Death turns out to be an unexpected coda throughout Olive Kitteridge. Whenever someone isn’t thinking of offing herself, it’s because she realizes she hasn’t long to live, anyway. With every new character that’s introduced, I’m anticipating the off-handed mention that she’d like to hang herself from the marina dock but not before these chrysanthemums get planted, because when I saw Marlene Bonney at the grocery store she said it’s only going to get colder and she’s usually right about these things, so yup, better do ’em now while it’s nice.

Does Podunk, Maine produce such an unbearable existence, or are we to assume that this nearly unanimous ennui is transferable to the rest of us? Say it with me: AMERICANA! The “This Is Us” insinuation of Olive Kitteridge is further validated by the Pulitzer sticker on the jacket. If you don’t feel the resonance of this book, it’s merely an average reading experience.

So what’s Olive like? An insufferable shrew who manages to endear herself as the book goes on? Not exactly. Mostly, she’s impulsive and salty. And yes, she does undergo dramatic development in response to family tragedy, but she’s never what I’d call loathsome, and the softening of her character gets underway too quickly to have much impact. Not that Olive isn’t interesting, but I’m not seeing what the major book reviews are seeing, which is a dynamic literary personage to remain emblazoned upon my psyche from here to my deathbed, that I should recall, “Ah, that Olive Kitteridge! Such humanity– in her human humanness that is us all!”

I never truly disliked this book until the cute, self-congratulatory “A Conversation with Elizabeth Strout and Olive Kitteridge” in the back matter:

ES: “You are the most fascinating [character] to me. You are ferocious and complicated and kindly and sometimes cruel. In essence, you are a little bit of each of us.”

[Interviewer]: “That is gorgeously said, Ms. Strout.”

(Jesus Christ. Okay, Later…)

Olive: “You know what else is amazing? This book… I thought it was pretty damn good.”  

Well, I’m glad you did, creation of the author who says whatever the author wants.

Eleanor Rigby by Douglas Coupland

A middle-aged spinster is sought out by her prophetic son who is dying of multiple sclerosis, and he teaches her that there’s more to life outside her four walls.

…I’m sorry. Give me a minute to…wow.

I see no reason for Canadians to be such a modest people now that I see they have levitating mattresses.

Typing that sentence, I was seized with gurgling nightmare visions where I have a job writing copy for Nicholas Sparks novels, but that sums up the plot of Eleanor Rigby concisely. This is a book I nonetheless enjoyed a lot. So once again I’m wondering how Douglas Coupland did it, how he took a sticky bottle of syrup and converted it to a nice rum and coke. Alchemy?

In case you’ve never read him, Douglas Coupland exists somewhere between a Canadian Nick Hornby and a Canadian Chuck Palahniuk. I like him because in the only other novel of his I’ve read, Hey Nostradamus!, he’d also pulled off something pretty amazing. It centered around a Columbine-style school shooting, and somehow he managed to write it four years after the Columbine massacre without the thing carrying any scent of exploitation. I sniffed it as thoroughly as a narcotics unit K-9. It was clean.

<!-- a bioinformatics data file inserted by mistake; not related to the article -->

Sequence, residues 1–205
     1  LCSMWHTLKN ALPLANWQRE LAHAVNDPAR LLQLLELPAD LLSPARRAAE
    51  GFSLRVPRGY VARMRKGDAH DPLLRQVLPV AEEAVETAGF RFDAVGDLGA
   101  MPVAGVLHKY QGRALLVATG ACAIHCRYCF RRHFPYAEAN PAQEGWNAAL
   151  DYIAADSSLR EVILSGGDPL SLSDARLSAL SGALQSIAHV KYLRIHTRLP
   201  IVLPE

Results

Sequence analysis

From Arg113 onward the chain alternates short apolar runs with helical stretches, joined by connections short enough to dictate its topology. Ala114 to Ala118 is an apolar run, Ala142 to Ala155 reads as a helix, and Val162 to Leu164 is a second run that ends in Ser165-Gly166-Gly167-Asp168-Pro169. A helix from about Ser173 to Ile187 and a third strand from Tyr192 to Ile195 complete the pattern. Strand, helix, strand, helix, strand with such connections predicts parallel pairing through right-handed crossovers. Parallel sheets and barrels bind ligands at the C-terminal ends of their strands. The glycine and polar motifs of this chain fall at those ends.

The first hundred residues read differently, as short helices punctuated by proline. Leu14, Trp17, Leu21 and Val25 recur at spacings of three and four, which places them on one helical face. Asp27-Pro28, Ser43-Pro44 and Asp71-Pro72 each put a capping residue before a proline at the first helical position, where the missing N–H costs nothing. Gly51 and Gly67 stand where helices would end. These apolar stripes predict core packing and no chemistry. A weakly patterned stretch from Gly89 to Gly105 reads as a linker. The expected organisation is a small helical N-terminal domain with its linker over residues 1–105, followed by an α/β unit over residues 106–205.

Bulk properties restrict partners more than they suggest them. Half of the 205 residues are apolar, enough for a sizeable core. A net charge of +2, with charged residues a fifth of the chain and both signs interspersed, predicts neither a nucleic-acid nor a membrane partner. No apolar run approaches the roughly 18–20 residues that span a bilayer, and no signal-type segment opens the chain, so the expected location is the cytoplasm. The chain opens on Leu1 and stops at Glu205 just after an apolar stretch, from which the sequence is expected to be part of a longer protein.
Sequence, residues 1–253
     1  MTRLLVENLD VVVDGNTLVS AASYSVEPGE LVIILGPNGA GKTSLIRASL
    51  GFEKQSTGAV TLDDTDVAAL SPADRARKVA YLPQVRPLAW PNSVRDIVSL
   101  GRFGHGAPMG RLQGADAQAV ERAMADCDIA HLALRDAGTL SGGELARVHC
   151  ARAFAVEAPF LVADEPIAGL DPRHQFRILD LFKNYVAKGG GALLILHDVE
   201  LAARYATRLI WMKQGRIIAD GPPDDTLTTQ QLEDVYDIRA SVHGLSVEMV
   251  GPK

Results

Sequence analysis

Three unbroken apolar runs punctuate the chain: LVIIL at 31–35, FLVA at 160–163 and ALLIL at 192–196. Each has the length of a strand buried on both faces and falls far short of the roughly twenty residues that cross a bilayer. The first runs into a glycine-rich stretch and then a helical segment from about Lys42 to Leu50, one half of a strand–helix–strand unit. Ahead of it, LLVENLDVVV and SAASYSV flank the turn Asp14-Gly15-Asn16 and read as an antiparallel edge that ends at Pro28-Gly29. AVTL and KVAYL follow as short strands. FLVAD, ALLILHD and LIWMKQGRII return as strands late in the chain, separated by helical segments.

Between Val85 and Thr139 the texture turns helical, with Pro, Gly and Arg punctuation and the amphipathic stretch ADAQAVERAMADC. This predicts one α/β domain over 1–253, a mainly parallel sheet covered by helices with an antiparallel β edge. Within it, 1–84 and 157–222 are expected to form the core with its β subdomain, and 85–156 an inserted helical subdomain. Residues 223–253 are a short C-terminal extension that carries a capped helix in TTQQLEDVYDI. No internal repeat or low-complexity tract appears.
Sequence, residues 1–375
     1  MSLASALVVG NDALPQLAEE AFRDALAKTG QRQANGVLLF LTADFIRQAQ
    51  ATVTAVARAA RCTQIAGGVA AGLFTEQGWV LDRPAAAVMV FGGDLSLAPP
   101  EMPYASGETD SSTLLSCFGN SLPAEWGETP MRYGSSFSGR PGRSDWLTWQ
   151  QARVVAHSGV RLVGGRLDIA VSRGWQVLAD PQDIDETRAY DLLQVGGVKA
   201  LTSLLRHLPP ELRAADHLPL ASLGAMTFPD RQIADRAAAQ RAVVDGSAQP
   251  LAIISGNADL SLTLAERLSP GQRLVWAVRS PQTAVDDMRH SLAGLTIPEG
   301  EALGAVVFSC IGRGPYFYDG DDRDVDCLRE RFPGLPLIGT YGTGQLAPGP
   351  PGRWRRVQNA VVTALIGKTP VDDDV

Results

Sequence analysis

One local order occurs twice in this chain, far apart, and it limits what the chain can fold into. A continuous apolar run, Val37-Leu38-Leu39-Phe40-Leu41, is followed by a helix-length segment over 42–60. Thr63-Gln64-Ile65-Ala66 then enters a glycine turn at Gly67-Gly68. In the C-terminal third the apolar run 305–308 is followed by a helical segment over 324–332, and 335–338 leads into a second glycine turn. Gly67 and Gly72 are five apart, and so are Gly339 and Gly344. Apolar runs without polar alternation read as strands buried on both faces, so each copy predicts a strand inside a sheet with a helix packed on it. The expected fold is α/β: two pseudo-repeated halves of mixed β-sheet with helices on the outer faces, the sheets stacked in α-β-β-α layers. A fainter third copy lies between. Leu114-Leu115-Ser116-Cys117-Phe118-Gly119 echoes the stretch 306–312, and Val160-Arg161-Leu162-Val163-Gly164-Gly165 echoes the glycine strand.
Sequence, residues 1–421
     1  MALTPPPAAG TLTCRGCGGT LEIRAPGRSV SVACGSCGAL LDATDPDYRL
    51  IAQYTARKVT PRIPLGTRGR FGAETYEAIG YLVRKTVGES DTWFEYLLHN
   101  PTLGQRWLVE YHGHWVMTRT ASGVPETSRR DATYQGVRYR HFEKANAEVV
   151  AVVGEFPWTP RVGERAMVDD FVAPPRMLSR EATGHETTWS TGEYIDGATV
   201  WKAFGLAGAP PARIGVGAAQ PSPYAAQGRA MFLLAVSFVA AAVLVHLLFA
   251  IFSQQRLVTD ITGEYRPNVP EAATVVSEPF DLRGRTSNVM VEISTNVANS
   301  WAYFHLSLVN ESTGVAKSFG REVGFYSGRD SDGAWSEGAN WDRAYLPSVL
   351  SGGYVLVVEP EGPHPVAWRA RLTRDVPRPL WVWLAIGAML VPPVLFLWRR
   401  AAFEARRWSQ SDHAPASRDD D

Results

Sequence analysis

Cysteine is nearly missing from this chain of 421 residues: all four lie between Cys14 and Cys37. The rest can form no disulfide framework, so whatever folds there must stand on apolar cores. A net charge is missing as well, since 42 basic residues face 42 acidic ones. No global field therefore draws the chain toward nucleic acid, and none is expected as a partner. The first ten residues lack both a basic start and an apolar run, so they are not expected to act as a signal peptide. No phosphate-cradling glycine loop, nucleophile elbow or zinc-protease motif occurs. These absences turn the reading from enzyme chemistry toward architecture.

Here Coupland plays to his strength of first-person narration that wins you over. Liz Dunn is single, in her forties, overweight, and plain. Her most remarkable quality is her unremarkableness.

It has to be said: this is an especially hard sell to a male reader. At least to other women, a spinster is a figure worthy of sympathy or condescension. But, as Liz admits, “to men I am a fern.”

While Liz is assuredly self-deprecating, she’s not a whiner. She’s resigned to her fate as an old maid, if anything, and is actually a bit relieved to be sitting out the exhausting social games her attractive sister, Leslie, must play on a daily basis. Family members comment on the depressingly spare decor of her condo, but Liz shows little desire to change. There’s almost an unspoken pride in her blandness because it ironically distinguishes her from everyone she knows. While she’s not what you’d call unhappy, she’s seems too eager to convince others that her life is exactly how she wants it.

As you could tell from the title, this is also a wry meditation on seclusion. And Liz’s aphorisms on loneliness are so pointed and numerous that unless you’re Derek Jeter you’re likely relate. Once Liz made the observation that sunsets are the most depressing time of day when you’re alone, that they “put italics on your loneliness,” I said, okay book, you got me, you win.

It doesn’t take long until Liz encounters the son she’d given up for adoption, and she takes him in. Jeremy is a 20-year-old charismatic drifter who is, as Liz can’t help but notice, Adonis-ly handsome in spite of all genetic likelihood (eventually revealed is the night she apparently conceived him–on a class trip to Rome). They bond over Law and Order reruns and seeing through other people’s bullshit. But she discovers that he’s wasting away from MS and is having genuinely creepy “visions” of the apocalypse.

It’s one of those stories of a wild-card character who shows up to shake a satisfied protagonist loose of her routine. Again, its premise is potentially saccharine enough to induce Type II diabetes. But even the characters of Coupland’s who aren’t rebellious and disaffected still say things like, “Let’s open those godawful curtains. Where’d you find them–a Greek bingo hall?” or “My tits are killing me.” Sometimes they seem all-too-deliberately written as non-conformist, and occasionally its quirkiness hits a shrill note, like when Jeremy awakens Liz’s latent talent for backwards singing.

Even though Eleanor Rigby tells a Hallmark Channel story in a hip, funny voice, it’s still just as predictable. Yet it feels honest, even wise, and it’s a pleasure to read. Coupland seems once again hell-bent on making a normally manipulative story turn out anything but. He’s really, really good at that.